Even living rooms are converted into soap boxes, which is where I found myself several weeks ago. It’s an affair that can only happen in New Hampshire. Standing room only in a neighbor’s home. A presidential candidate just feet from you trying as hard as they might to win your vote. It’s a national event on a hyper-local stage. A stump speech, a handshake, and then they were off, on to the next venue to convince another voter.
If you’re lucky enough to live in New Hampshire, you’re front and center of the modern American election. But, for many Americans, you’re not shaking hands with candidates or attending town halls. The campaign is distant, perhaps most visible in a news article or social media post. In small town Holderness, however, you get to meet who's running for office -- from President of the United States to School President.
And while we're surrounded by the near-constant activity of the electoral process, Holderness School approaches its school elections differently. As Head of School Phil Peck likes to say, we’re countercultural. There are no campaign slogans, or signs, or stump speeches -- in fact, it’s a school taboo to do so. Since 1950, the Holderness School community has come together each April to judge all students on the basis of their character.
Dated May 23, 1950, there’s a framed copy of a letter written by Terry Weathers ’51 that sits outside the Head of School’s office that states, “the council decided that… on this ballot, all students are judged on the basis of leadership, dependability, initiative, and fairness. The two members of the next year’s sixth form with the top rating on this ballot are automatically the president and the vice president for next year.”
We celebrate the 70th anniversary of such an election this year. And in that 70 years, the only change to this electoral framework has been the inclusion of empathy. A radical move perhaps, but one that brings deep understanding, kindness, and service sharply into focus. We define leadership as each person’s journey to serve and empower others, and we see these leadership characteristics as vital in developing servant leaders. So now, the leadership criteria that all community members -- from student to Head of School -- are evaluated on is Fairness, Initiative, Dependability, and Empathy.
A Holderness student who is fair is one who is honest, just, impartial, and unbiased; one who is open to others and listens to conflicting viewpoints before making judgments, one who is intent upon justice and impartiality.
A Holderness student with initiative is one who has the ability to see what ought to be done and to originate solutions for problems; one who is willing to undertake appropriate action to speak up and offer ideas; one who does not hold back waiting for someone else to act.
A Holderness student with dependability is one who will do what is right, even at some personal cost; one who will give active and consistent support to the community. Other Holderness students can rely on this person to be trustworthy.
A Holderness student who is empathetic demonstrates kindness and concern for others. This student puts themselves in another person’s place, exhibiting caring.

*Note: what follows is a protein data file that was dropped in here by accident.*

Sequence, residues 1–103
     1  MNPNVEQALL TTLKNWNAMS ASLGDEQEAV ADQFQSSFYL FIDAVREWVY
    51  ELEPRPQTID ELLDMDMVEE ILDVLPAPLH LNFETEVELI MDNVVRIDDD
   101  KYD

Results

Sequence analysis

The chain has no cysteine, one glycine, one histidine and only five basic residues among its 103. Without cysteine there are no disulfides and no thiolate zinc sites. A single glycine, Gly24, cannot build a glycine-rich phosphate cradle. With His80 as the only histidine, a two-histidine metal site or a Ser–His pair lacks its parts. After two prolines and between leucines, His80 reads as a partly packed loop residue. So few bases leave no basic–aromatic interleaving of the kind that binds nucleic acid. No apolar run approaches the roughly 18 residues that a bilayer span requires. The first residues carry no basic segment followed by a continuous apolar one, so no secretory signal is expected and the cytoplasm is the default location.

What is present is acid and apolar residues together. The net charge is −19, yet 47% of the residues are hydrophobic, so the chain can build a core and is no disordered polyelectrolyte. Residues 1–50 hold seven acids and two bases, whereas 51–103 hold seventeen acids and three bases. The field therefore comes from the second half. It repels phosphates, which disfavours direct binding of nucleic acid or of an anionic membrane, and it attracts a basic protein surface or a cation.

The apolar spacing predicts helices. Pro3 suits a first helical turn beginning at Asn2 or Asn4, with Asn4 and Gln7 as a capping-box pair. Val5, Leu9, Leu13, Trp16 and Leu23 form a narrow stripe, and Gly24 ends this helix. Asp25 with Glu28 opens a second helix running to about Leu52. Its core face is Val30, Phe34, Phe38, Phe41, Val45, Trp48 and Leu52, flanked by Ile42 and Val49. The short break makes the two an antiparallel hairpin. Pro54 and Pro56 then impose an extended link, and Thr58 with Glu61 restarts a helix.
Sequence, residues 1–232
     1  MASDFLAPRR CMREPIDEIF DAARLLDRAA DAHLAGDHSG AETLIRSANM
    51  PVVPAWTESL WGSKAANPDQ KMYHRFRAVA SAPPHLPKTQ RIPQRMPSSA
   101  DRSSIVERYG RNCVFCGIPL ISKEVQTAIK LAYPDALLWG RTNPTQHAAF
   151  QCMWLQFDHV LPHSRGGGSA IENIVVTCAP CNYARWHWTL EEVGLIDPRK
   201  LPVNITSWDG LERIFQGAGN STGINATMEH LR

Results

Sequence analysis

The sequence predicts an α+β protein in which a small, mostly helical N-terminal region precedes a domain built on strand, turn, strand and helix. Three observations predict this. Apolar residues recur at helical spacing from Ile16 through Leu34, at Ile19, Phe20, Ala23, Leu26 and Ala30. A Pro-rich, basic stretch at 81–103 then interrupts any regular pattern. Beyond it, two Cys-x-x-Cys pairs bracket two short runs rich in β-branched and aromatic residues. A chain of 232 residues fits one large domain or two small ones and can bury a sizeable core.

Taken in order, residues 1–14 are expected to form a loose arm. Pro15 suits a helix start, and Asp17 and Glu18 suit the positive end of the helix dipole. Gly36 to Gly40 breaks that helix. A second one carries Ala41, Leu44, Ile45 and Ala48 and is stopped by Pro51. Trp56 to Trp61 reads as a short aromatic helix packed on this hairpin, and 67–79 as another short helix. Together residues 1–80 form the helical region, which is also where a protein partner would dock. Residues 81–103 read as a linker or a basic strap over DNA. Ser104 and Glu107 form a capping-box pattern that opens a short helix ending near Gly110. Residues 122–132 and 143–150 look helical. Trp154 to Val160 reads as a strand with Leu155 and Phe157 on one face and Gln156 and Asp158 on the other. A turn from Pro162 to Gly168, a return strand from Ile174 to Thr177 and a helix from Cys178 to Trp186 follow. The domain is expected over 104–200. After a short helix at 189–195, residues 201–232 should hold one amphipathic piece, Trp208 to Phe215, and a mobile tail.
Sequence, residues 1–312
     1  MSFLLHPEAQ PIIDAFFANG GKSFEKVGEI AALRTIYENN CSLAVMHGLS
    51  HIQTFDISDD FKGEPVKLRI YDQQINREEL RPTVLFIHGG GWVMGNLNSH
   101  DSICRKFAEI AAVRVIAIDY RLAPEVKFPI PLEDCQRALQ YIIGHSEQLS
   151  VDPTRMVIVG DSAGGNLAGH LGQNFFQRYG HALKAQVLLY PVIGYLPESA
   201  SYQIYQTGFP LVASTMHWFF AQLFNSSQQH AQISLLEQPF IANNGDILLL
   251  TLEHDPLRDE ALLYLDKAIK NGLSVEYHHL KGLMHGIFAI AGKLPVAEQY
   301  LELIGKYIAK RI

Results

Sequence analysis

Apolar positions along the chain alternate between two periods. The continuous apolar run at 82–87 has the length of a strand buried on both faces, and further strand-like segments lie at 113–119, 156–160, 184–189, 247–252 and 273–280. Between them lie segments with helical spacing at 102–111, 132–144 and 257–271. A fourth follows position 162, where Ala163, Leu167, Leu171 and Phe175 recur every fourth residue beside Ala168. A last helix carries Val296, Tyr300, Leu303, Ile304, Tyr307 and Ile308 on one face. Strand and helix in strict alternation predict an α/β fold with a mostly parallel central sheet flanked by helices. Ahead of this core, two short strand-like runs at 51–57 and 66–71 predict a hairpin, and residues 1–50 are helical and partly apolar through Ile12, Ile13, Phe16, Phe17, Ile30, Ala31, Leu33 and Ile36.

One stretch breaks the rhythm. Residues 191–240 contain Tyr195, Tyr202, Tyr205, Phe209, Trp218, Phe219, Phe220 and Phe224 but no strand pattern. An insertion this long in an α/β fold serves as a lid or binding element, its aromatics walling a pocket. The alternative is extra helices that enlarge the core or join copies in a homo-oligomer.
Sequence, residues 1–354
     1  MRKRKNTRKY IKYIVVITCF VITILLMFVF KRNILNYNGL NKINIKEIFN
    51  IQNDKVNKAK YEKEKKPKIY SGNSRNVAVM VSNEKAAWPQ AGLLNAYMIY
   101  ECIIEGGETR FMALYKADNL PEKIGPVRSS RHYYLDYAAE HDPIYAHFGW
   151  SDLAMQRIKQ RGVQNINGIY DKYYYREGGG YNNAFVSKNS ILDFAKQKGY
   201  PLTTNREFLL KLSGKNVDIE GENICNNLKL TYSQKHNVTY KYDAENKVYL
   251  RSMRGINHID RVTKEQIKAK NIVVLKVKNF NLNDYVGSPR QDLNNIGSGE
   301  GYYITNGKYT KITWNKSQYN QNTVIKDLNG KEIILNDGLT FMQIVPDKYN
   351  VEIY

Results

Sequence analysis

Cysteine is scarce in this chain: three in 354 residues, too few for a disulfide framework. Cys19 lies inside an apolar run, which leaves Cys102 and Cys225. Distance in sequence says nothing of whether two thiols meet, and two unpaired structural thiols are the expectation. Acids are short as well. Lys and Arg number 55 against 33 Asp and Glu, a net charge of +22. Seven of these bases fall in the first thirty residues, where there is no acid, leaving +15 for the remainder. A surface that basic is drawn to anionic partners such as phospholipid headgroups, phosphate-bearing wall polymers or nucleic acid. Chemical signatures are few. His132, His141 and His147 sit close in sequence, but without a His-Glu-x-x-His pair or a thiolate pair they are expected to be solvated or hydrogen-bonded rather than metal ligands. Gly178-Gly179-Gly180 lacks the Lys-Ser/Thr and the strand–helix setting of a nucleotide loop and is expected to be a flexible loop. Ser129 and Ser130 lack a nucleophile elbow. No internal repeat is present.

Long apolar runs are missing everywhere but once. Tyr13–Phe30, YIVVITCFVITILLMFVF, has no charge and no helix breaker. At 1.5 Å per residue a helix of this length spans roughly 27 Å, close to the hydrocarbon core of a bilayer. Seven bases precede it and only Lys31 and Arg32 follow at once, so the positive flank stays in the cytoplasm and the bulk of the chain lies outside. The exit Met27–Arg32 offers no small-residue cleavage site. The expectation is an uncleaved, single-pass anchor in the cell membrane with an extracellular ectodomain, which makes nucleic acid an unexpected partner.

What is most remarkable about this process is the outcome. In the time that Holderness School has been a co-educational institution, women have represented 50 percent of the top four leadership positions in the school. Peer schools, unable to break that glass ceiling, have had to adopt male and female co-presidents in order to manufacture representation. Holderness, however, has three females in the top four student-leader positions just this year.
Commenting on Holderness School’s leadership process, University of North Carolina Political Science Professor Andrew Reynolds says “It’s not like anything that exists in the modern democratic universe.” Reynolds, a leading mind in electoral politics, says Holderness School remains a representative democracy, “it’s just more sophisticated than regular elections.”
Let that sink in. A school of 280 students, with a system of governance -- designed by teenagers -- that is more sophisticated than most modern democracies. No campaigns, no debates, just an emphasis on character.
The beauty of Holderness is that everyone -- students and employees -- gets to know everyone. Come every April, we can all comfortably gather as a community and evaluate each other on our four leadership criteria. And, while the outcome is an affirmation of how individuals move throughout the Holderness universe, growth is key to this process; conversations and lessons learned about what it means to be a leader -- with or without a given title -- and a member of a community begin almost immediately after the results are shared.
It’s no surprise that we are living in a world with an empathy deficit. A quick scan of front pages and trending topics reveals that ours is a world in dire need of understanding, discourse, and civility. All too often, we are focused on making sure that our particular side is right, yelling our position over one another and refusing to realize a middle ground, let alone acknowledge that another side exists. In emphasizing fairness, initiative, dependability, and empathy, Holderness School has developed a timeless leadership system where character triumphs over hollow talking points. In such a process, Holderness School develops people the world most needs.